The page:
Competing Against Complacency

I’m coming up to the five-month mark at the “new gig”. The honeymoon is over and my workflow is in full stride. I’m fully acquainted with the intricacies of the group and it’s been vocalized that I’m fulfilling the expectations of the position.

While this should be reassuring, this isn’t for me.

My father not only preached, “Never be comfortable at how well you are doing,” he required this. He forced urgency in every task at hand – from simply taking out the trash when he asked the first time to never letting a mistake go without a question after a game or match.

While some might think this type of parenting puts a bunch of unnecessary pressure on kids, I believe that it’s the foundation of a strong work ethic.

If we don’t understand the importance of having this drive at an early age, do we want to be learning it now?

Or will we ever learn it?

One of the hardest struggles that young competitors learn in competition is the persistence of intensity with the day-in, day-out practices in preparation of “game day”. This resolve is imperative to exceed any natural growth, but also prepares individuals for the real world.

Yet, stepping into the real world can be harder then stepping into a game, due to the notion that we are all one idea away from being great.

“Practice” was only that three-month internship – and we don’t get many “ready-set-go” opportunities. But the inevitable struggle is fighting off the feeling of security, regardless of how assured your position is or the mindset of “same-old-different day”.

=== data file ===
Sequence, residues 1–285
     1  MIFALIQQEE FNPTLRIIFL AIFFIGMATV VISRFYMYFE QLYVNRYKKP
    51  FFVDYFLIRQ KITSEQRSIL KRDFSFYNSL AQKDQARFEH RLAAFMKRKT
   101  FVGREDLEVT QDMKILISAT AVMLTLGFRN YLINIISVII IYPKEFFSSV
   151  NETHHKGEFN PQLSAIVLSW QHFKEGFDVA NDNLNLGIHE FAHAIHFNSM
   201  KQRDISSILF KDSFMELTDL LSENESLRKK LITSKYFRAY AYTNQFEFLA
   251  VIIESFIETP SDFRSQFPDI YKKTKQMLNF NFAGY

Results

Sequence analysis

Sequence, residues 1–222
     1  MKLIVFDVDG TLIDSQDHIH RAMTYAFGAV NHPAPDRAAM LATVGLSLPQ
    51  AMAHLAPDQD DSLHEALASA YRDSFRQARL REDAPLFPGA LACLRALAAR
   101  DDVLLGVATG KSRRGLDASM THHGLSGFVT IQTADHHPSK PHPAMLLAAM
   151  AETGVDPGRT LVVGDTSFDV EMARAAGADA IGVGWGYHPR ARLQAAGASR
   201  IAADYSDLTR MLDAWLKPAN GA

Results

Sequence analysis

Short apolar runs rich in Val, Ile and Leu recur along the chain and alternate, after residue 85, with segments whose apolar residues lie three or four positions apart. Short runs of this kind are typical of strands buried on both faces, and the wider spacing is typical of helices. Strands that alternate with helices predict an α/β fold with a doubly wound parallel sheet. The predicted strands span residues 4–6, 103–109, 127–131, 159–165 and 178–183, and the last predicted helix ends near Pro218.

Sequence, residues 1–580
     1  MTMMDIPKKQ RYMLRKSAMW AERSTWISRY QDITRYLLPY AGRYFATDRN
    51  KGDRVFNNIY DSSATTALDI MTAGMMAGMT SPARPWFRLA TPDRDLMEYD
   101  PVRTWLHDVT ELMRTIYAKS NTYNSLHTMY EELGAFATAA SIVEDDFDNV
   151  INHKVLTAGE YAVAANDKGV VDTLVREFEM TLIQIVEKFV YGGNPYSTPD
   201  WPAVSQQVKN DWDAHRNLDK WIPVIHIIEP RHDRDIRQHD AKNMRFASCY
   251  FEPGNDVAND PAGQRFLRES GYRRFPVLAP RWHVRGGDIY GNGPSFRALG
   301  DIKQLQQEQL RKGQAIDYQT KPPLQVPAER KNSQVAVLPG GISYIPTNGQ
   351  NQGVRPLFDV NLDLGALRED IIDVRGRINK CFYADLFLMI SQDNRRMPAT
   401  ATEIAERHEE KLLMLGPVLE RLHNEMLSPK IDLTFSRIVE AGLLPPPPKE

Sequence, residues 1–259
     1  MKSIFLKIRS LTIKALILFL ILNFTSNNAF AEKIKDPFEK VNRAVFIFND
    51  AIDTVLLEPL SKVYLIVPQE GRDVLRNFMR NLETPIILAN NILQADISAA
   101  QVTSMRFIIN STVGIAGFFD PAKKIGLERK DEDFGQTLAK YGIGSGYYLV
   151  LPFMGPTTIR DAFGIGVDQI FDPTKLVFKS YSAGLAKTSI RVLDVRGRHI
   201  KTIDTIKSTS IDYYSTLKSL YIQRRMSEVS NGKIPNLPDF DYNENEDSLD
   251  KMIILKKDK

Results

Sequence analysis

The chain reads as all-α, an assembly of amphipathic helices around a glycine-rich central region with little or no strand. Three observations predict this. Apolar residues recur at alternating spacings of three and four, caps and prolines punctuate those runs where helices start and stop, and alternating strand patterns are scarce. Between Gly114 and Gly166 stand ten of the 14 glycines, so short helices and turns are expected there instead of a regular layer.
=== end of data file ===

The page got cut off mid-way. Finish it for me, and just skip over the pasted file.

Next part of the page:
I sustain a competitive edge every day through the following:


A colleague of mine recently summed up innovation as not necessarily a huge change, but a series of smaller changes with a greater conclusion. So getting in a routine can be efficient, but it is also the expressway to comfort.

I regularly tweak my procedure and challenge my point of view to seek a simpler outcome.


This was one of my biggest rookie mistakes.

Starting out, I was eager to volunteer for anything – and I plowed through tasks with a purpose. But I was making a crucial mistake by competing for speed, not quality. Now when I complete a task, I don’t run it up the flag poll. I step back, let it simmer, and then return to it with fresh eyes.

I want to ensure this is my best work – not my quickest work.


We live in a world of rules – one where people telling you “No” almost seems like an actual rule.

I strongly dislike the word, and when I use it, it bothers me. So I confront this.

As I approach the crossroads of a “yes-or-no” situation, I try to regularly confront the normal reasoning for saying no, by saying, yes. Taking a risk to accomplish something that I thought I wouldn’t have time to complete – or finding a solution to a problem before simply dismissing it – is very rewarding to me.


I find ways to make everything a competition.

It doesn’t matter how big or small it is – I need to be competing with an end result. It’s my way of trying to stay sharp. I actually just beat my ride time home from work today.

Pretty stoked about that.

I know these four ideas aren’t innovative by any means – or even the golden road to success. What I do know is that I will never be truly content – regardless of the level of accomplishment that I may achieve.

And if we ever meet, then you should know that I will be conspiring to compete against you from our first handshake.

Stay competing my friends.

Originally appeared on Advertising Week Social Club

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